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Structure preservation and general relativity


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30th September 2019 to 4th October 2019
Douglas Arnold University of Minnesota
David Garfinkle Oakland University
Mike Holst University of California, San Diego
Luis Lehner Perimeter Institute for Theoretical Physics
Reinout Quispel La Trobe University

Workshop Theme 

Numerical relativity--the design, implementation, and study of computational methods for the approximate solution of Einstein's equations--is a powerful approach to understanding the complex behavior of gravitational fields. Einstein's equations are statements about the geometry of space times, based on differential geometric structures such as covariance, symmetries, etc.  For this reason, structure-preserving numerical methods have the potential to bring enormous benefits to numerical relativity.  The development of stable structure-preserving discretization methods for the Einstein equations has thus far proven largely elusive, but it represents a direction with great promise.  The successful contribution of numerical relativity to the LIGO observations in 2015 and since has highlighted the important place of numerical relativity in the new world of gravitational wave astronomy.  Beyond that, numerical investigations into the behavior of gravity in four and higher dimensions in the highly non-linear regime and computational explorations of holograpy both illustrate the significant role of the field to deciphering the full implications of Einstein's theory of relativity. This role raises many particular challenges, for example, the presence of highly non-linear constraints that must be satisfied for a correct solution, the vast length of time and spatial scales associated to problems of practical interest, the development of singularities, and the necessity to introduce spatial boundaries, which, in turn, require constraint-preserving boundary conditions.  All these challenges facing us, together with the recent advances in structure-preserving discretization in other branches of numerical PDE makes this an ideal time to bring together specialists in numerical analysis, computational science, geometry, general relativity, and numerical relativity to discuss and interact in a multidisciplinary environment.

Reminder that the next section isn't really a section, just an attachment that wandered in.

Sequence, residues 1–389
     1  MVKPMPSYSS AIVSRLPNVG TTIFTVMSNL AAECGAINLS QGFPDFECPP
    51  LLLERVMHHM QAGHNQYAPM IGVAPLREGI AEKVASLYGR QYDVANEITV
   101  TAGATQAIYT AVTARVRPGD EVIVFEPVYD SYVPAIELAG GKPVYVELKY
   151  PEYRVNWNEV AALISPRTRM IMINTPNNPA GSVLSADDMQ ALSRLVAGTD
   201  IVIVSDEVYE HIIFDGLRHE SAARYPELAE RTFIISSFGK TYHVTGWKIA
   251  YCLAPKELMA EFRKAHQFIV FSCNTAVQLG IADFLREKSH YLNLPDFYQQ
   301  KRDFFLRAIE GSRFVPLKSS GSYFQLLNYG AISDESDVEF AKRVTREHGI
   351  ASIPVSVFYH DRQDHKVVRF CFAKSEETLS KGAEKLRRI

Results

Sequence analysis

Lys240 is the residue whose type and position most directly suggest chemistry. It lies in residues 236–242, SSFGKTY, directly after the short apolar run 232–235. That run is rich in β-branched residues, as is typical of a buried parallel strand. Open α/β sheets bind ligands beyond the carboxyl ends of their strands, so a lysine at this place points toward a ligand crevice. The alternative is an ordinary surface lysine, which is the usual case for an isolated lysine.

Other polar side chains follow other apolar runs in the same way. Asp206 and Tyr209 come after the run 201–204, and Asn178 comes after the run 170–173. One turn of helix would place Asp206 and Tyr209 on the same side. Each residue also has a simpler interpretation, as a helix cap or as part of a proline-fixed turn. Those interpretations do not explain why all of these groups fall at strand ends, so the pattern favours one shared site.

Deadline for applications: 2nd June 2019

GCS programme participants DO NOT need to apply, programme participants with visit dates during GCSW01 will automatically be added to the attendee list.

Please note members of Cambridge University are welcome to turn up and sign in as a non-registered attendee on the day(s) during the workshop and attend the lecture(s). Please note that we cannot provide you with any support including name badge, meals or accommodation.

In addition to visiting the INI, there are multiple ways in which you can participate remotely.

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Registration Only    
  • Registration Package: £220
  • Student Registration Package: £170

The Registration Package includes admission to all seminars, lunches and refreshments on the days that lectures take place (Monday - Friday), wine reception and formal dinner, but does not include other meals or accommodation.


Formal Dinner Only
  • Formal Dinner: £50

Participants on the Accommodation Package or Registration Package, including organisers and speakers, are automatically included in this event. For all remaining participants who would like to attend, such as programme participants, the above charge will apply.


Unfortunately we do not have any accommodation to offer so all successful applicants will need to source their own accommodation.  Please see the Hotels Combined website for a list of local hotels and guesthouses.




Lunch timings and location will be confirmed with timetable.

Evening Meal

Participants are free to make their own arrangements for dinner.

Formal Dinner

The Formal Dinner will take place Wednesday 2nd October at Emmanuel College. Participants on the Accommodation Package or Registration Package, including organisers and speakers, are automatically included in this event.

University of Cambridge Research Councils UK
    Clay Mathematics Institute London Mathematical Society NM Rothschild and Sons